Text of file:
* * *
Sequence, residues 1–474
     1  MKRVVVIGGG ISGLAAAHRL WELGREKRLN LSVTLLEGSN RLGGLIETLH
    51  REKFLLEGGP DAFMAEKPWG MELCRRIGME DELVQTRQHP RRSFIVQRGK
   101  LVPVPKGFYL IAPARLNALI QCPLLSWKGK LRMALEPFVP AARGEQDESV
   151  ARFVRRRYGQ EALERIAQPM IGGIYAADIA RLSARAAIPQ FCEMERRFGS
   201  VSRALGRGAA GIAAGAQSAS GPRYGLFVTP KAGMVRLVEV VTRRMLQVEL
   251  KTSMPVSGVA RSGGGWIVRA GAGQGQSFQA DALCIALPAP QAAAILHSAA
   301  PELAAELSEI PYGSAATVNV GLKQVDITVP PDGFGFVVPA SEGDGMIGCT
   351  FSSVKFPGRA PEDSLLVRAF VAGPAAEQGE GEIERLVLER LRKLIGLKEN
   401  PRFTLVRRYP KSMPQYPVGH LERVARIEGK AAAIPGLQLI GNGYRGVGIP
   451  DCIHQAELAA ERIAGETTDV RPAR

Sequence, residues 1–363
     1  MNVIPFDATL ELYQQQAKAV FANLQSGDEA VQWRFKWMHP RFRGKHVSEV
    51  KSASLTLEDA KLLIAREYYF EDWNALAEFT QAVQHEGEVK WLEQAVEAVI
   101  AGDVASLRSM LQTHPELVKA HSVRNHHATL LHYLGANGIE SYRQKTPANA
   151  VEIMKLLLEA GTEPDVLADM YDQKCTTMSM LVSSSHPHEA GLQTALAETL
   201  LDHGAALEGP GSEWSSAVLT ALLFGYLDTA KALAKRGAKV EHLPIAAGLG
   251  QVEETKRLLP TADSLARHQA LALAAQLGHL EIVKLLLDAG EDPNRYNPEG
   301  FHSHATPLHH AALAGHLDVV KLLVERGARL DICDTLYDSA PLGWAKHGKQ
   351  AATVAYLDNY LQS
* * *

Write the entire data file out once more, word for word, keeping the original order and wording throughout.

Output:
Sequence, residues 1–474
     1  MKRVVVIGGG ISGLAAAHRL WELGREKRLN LSVTLLEGSN RLGGLIETLH
    51  REKFLLEGGP DAFMAEKPWG MELCRRIGME DELVQTRQHP RRSFIVQRGK
   101  LVPVPKGFYL IAPARLNALI QCPLLSWKGK LRMALEPFVP AARGEQDESV
   151  ARFVRRRYGQ EALERIAQPM IGGIYAADIA RLSARAAIPQ FCEMERRFGS
   201  VSRALGRGAA GIAAGAQSAS GPRYGLFVTP KAGMVRLVEV VTRRMLQVEL
   251  KTSMPVSGVA RSGGGWIVRA GAGQGQSFQA DALCIALPAP QAAAILHSAA
   301  PELAAELSEI PYGSAATVNV GLKQVDITVP PDGFGFVVPA SEGDGMIGCT
   351  FSSVKFPGRA PEDSLLVRAF VAGPAAEQGE GEIERLVLER LRKLIGLKEN
   401  PRFTLVRRYP KSMPQYPVGH LERVARIEGK AAAIPGLQLI GNGYRGVGIP
   451  DCIHQAELAA ERIAGETTDV RPAR

Sequence, residues 1–363
     1  MNVIPFDATL ELYQQQAKAV FANLQSGDEA VQWRFKWMHP RFRGKHVSEV
    51  KSASLTLEDA KLLIAREYYF EDWNALAEFT QAVQHEGEVK WLEQAVEAVI
   101  AGDVASLRSM LQTHPELVKA HSVRNHHATL LHYLGANGIE SYRQKTPANA
   151  VEIMKLLLEA GTEPDVLADM YDQKCTTMSM LVSSSHPHEA GLQTALAETL
   201  LDHGAALEGP GSEWSSAVLT ALLFGYLDTA KALAKRGAKV EHLPIAAGLG
   251  QVEETKRLLP TADSLARHQA LALAAQLGHL EIVKLLLDAG EDPNRYNPEG
   301  FHSHATPLHH AALAGHLDVV KLLVERGARL DICDTLYDSA PLGWAKHGKQ
   351  AATVAYLDNY LQS